How the mighty fall. Montek Singh Ahluwalia, Deputy Chairman of the Planning Commission, is now talking about the Indian economy growing at anywhere between 5-5.5 percent during this financial year (the year ending on 31 March 2013).
What is interesting that during the first few months of the financial year he was talking about an economic growth of at least 7 percent. In fact, on a television show in April 2012, which was discussing Ruchir Sharma's book Breakout Nations, Ahluwalia kept insisting that a 7 percent economic growth rate was a given.
Turns out it was not. And Ahluwalia is now talking about an economic growth of 5-5.5 percent-and thus way off the mark. When someone predicts an economic growth of 7 percent and the growth turns out to be 6.5 percent or 7.5 percent, one really can't hold the prediction against him. But predicting a 7 percent growth rate at the beginning of the year, and then later revising it to 5 percent as the evidence of a slowdown comes through, is like not hitting the broad side of the barn.
And when its the Deputy Chairman of the Planning Commission who has been way off the mark with regard to predicting economic growth, then that leaves one wondering: if he has no idea of which way the economy is headed, how can the other lesser mortals?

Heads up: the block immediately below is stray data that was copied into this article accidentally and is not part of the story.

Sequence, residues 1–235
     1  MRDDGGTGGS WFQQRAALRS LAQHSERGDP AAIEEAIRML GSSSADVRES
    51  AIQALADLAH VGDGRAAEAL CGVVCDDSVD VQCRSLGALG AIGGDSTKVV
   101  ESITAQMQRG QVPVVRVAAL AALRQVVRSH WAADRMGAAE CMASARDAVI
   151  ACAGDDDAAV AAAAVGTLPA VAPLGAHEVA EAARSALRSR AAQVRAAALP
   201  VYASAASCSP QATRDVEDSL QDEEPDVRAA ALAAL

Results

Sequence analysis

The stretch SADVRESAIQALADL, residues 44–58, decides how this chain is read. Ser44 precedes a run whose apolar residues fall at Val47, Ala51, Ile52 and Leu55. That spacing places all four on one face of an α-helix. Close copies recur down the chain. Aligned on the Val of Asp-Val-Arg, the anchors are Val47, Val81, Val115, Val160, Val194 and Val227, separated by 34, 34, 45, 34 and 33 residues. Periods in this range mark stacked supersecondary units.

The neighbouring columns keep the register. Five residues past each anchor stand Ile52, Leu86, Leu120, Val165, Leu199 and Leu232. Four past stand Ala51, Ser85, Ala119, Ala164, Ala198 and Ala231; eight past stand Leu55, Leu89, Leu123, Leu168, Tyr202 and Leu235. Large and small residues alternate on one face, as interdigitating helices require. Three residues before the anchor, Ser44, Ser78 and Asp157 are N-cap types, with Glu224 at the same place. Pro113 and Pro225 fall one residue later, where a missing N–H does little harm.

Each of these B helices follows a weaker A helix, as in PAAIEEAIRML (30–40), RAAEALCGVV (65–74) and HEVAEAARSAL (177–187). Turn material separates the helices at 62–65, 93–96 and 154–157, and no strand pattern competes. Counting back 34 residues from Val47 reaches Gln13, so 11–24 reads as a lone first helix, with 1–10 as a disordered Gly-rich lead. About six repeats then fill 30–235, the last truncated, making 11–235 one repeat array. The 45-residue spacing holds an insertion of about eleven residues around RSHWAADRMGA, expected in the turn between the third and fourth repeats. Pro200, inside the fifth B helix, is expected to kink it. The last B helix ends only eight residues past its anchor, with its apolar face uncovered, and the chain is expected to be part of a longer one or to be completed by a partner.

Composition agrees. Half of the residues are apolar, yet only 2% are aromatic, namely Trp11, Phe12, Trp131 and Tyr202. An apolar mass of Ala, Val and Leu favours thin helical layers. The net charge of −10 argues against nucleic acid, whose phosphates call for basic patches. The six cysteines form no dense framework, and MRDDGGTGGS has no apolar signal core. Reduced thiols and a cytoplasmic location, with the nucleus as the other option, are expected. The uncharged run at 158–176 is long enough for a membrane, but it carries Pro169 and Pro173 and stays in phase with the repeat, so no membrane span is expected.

Forecasting is a difficult business. The typical assumption is that those who are closest to the activity are the best placed to forecast it. So stock analysts are best placed to forecast which way stock markets are headed. The existing IT/telecom companies are best placed to talk about cutting edge technologies of the future. Political pundits are best placed to predict which way the elections will go and so on.
But as we have seen time and again, that is not the case. Surprises are always around the corner.
One of the biggest exercises on testing predictions was carried out by Philip Tetlock, a psychologist at the University of California, Berkeley. He asked various experts to predict the implications of the Cold War that was flaring up between the United States and the erstwhile Union of Soviet Socialist Republics at the time.
In the experiment, Tetlock chose 284 people, who made a living by predicting political and economic trends. Over the next 20 years, he asked them to make nearly 100 predictions each, on a variety of likely future events. Would apartheid end in South Africa? Would Michael Gorbachev, the leader of the USSR, be ousted in a coup? Would the US go to war in the Persian Gulf? Would the dotcom bubble burst?
By the end of the study in 2003, Tetlock had 82,361 forecasts. What he found was that there was very little agreement among these experts. It didn't matter which field they were in or what their academic discipline was; they were all bad at forecasting. Interestingly, these experts did slightly better at predicting the future when they were operating outside the area of their so-called expertise.